The War Against Terror Comes to Kansas
Wednesday, April 1, 2009; Page C04
By Torsten Krol
Harper Perennial. 437 pp. Paperback, $14.99
People around the world got their hands on Torsten Krol's dark, goofy novel almost two years before readers in America, which isn't entirely fair since it's about us. This satire of the war on terror might have cut a little deeper during the surge, before our war president retired to Dallas and the recession eclipsed Iraq. But "Callisto" is still a witty sendup of the anxieties that make Americans so dangerous, and ultimately it's barbed with enough tragedy to sting.
The author is something of a mystery, allegedly an Australian who refuses all interviews. He claims to have raised a family in the United States before his divorce, which sent him into a fit of depression that inspired this tale of America's terrorism paranoia. The novel's success rests on the rambly voice of its hilariously clueless narrator, a large 21-year-old hayseed from Wyoming named Odell Deefus. People "most likely think I'm a tall dumb hick but they would be wrong about that," Odell says by way of introduction. "I know this because I have read 'The Yearling' sixteen times now, and that is a Pulitzer Prize book which you can't be dumb and be able to read it." There's something mesmerizing about the way Odell teeters along the line between sense and nonsense, tripping over his own grammar and then barely righting himself. He sounds an awful lot like Will Ferrell imitating George W. Bush, complete with wacky malapropisms ("extenderating circumstances") and declarations of savviness. But the real object of Krol's scorn isn't this innocent rube; it's the corrupt culture that abuses him.
Odell's story begins when he's driving to Callisto, Kan., to enlist in the Army so he can "be a good soldier against the mad dog Islamites over there exploding . . . their own people." In his wallet he carries a photo of Condoleezza Rice, "about the smartest woman on the planet and the most decent also, rushing about from one country to the next in her plane fixing things between nations and doing everything she can for world peace and whatnot, all the while looking very trim and smart in her outfits with the pearls and always with a smile." But before he makes it to Callisto and gets a chance to help Condi fight "Sammy bin Laden," Odell's car breaks down. When he walks up to a run-down country house for help, he falls deeper into the twisted battle against terror than he ever could have imagined.
The novel's funniest parts come in this early section, when Odell is invited in by a young ne'er-do-well who claims that his aunt, the owner of the house, is away on vacation. An open grave in the back yard gives Odell pause. "My mind," he tells us, "was all aswirl with trying to figure out what's happening here." Finding a body in the basement freezer only adds to his suspicions (though it doesn't quell his hunger for frozen pizza). And soon the novel revs up for a macabre farce, a la the Coen brothers, that involves filling and redigging that grave at least half-a-dozen times. "This is called adapting to circumstances," Odell says, "which I was very fast learning I had the knack of."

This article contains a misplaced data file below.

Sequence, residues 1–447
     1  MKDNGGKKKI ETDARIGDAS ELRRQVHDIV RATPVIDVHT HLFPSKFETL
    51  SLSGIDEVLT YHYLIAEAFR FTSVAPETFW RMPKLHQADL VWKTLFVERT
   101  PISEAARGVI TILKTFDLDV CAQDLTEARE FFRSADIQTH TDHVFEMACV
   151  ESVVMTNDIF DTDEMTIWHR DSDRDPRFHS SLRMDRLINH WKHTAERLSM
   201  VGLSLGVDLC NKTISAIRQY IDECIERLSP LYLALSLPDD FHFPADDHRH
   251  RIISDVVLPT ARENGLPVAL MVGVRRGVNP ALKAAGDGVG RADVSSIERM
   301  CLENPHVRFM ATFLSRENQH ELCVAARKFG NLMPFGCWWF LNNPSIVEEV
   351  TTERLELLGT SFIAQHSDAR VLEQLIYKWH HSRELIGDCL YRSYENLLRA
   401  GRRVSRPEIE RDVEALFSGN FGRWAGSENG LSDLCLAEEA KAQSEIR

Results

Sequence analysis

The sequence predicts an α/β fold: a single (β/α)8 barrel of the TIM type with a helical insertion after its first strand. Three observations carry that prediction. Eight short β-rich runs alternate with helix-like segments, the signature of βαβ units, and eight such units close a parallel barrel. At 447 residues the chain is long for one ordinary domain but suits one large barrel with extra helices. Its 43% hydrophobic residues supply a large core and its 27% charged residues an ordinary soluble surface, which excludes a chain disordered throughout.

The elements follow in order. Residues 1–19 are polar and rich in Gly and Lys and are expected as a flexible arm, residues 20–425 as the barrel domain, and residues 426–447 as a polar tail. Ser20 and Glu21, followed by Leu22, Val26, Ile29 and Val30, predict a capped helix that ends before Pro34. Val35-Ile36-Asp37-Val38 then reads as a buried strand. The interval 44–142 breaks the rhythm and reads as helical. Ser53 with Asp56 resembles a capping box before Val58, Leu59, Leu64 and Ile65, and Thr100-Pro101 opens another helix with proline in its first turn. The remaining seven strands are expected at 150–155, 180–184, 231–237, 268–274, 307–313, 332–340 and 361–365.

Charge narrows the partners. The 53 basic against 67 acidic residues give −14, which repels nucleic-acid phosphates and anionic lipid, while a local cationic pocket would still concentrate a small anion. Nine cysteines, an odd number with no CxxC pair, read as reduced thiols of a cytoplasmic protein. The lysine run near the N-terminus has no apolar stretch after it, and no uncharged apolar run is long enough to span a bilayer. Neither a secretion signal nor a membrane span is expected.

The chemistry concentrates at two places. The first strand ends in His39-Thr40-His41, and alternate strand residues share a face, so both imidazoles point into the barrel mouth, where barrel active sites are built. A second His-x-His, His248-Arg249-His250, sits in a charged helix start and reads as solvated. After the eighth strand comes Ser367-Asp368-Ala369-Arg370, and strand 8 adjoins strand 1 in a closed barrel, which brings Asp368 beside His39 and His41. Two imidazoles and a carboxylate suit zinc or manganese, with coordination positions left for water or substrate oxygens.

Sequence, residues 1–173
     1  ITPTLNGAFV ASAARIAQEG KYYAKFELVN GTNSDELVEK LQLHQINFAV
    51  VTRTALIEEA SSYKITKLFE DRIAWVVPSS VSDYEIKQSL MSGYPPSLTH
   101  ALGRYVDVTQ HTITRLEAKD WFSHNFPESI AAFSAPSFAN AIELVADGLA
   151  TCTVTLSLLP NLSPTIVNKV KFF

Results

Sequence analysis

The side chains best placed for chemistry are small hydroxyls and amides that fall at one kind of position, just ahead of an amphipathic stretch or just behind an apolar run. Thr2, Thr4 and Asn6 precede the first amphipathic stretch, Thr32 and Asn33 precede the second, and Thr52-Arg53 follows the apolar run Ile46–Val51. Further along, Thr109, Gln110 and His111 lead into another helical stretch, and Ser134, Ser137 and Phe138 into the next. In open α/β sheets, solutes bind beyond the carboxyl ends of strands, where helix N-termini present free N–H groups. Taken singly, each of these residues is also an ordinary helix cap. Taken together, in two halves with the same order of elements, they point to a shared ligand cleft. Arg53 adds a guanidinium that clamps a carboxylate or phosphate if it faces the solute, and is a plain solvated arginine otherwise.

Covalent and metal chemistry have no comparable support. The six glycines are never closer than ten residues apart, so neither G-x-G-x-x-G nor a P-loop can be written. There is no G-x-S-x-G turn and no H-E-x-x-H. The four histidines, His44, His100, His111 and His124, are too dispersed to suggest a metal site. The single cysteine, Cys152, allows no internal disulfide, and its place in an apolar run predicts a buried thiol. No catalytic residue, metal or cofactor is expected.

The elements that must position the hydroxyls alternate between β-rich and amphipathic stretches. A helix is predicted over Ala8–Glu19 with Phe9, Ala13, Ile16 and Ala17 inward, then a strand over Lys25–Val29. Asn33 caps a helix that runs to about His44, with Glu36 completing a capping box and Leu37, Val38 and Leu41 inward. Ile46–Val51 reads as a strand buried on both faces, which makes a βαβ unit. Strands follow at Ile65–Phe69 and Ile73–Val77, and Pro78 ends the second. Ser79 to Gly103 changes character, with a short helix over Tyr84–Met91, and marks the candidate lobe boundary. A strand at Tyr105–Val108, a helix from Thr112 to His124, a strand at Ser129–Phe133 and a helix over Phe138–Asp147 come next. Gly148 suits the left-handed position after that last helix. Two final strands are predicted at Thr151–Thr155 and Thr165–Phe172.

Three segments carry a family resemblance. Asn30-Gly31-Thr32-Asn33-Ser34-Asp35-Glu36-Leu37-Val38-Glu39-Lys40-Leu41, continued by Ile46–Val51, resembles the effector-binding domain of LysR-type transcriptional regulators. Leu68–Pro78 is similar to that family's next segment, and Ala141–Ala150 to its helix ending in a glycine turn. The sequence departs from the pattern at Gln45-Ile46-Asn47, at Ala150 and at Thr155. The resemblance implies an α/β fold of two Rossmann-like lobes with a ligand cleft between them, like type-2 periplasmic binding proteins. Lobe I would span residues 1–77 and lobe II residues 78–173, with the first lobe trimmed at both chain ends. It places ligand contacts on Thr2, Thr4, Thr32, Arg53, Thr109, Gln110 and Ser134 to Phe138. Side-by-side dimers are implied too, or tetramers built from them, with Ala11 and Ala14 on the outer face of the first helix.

The novel's screwball comedy goes national when Odell's cadaverous antics attract the attention of the FBI, which "suspicions" that he's involved with Islamic terrorists set on disrupting the 2008 presidential election. "I was in deep doo-doo as the saying goes." A Jerry Falwell-like preacher with Washington connections makes a play for Odell's soul, while whipping up racial anxieties on TV "in these days of internal threat and menace." Poor Odell finds himself drawn into competing schemes controlled by people convinced he's the linchpin to a dangerous conspiracy -- a dark inversion of Jerzy Kosinski's "Being There." When an FBI agent says, "You're smarter than you look," Odell assures him, "No I am not." But all his denials are taken only as proof of fathomless depth behind his naive demeanor.
Unfortunately, like Odell's car, the plot of "Callisto" sputters and conks out before it gets where it's going. There's a thick subplot involving corrupt guards at a local prison that doesn't deliver enough jokes or satiric jabs, and once we've chuckled over Odell's verbal tics, the comedy seeps out of these pages. "Callisto" would have been twice as good at half its length, and it doesn't help that Odell admits (on Page 436!) that it's "much longer than I intended for it to be."
That's particularly disappointing because the novel's finale is a knockout, a wrenching portrayal of America's efforts to snuff out the enemy within. Here, in the secret recesses of our government's most brutal prison, the lack of comedy works just right. Odell slips from the zaniness of "Arsenic and Old Lace" to the horrors of "1984." When he says, despite everything, "I felt like joining the Army all over again," the full tragedy of what we've endured becomes piercingly clear.
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